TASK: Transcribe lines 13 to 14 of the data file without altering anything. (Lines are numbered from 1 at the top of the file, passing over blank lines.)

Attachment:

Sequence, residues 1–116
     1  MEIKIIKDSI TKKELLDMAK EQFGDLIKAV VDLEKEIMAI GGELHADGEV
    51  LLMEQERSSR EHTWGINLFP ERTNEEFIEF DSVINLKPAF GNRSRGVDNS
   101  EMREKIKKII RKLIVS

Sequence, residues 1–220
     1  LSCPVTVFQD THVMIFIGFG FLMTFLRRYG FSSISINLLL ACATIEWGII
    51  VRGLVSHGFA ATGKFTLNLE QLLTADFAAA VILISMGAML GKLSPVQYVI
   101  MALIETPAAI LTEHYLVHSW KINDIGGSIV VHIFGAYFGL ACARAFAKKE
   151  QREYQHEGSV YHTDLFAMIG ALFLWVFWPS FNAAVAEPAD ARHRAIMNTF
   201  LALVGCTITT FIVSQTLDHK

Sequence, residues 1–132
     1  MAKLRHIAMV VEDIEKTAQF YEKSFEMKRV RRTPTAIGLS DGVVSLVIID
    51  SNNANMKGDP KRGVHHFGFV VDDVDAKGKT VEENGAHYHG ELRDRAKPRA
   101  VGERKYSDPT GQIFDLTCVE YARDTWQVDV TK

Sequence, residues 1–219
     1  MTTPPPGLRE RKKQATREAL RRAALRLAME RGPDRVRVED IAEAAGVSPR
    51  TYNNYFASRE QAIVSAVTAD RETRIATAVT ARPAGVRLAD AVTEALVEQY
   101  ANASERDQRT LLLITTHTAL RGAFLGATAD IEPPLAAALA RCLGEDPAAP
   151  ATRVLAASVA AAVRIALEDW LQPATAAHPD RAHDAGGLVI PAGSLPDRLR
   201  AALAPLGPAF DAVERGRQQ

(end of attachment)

    51  SNNANMKGDP KRGVHHFGFV VDDVDAKGKT VEENGAHYHG ELRDRAKPRA
   101  VGERKYSDPT GQIFDLTCVE YARDTWQVDV TK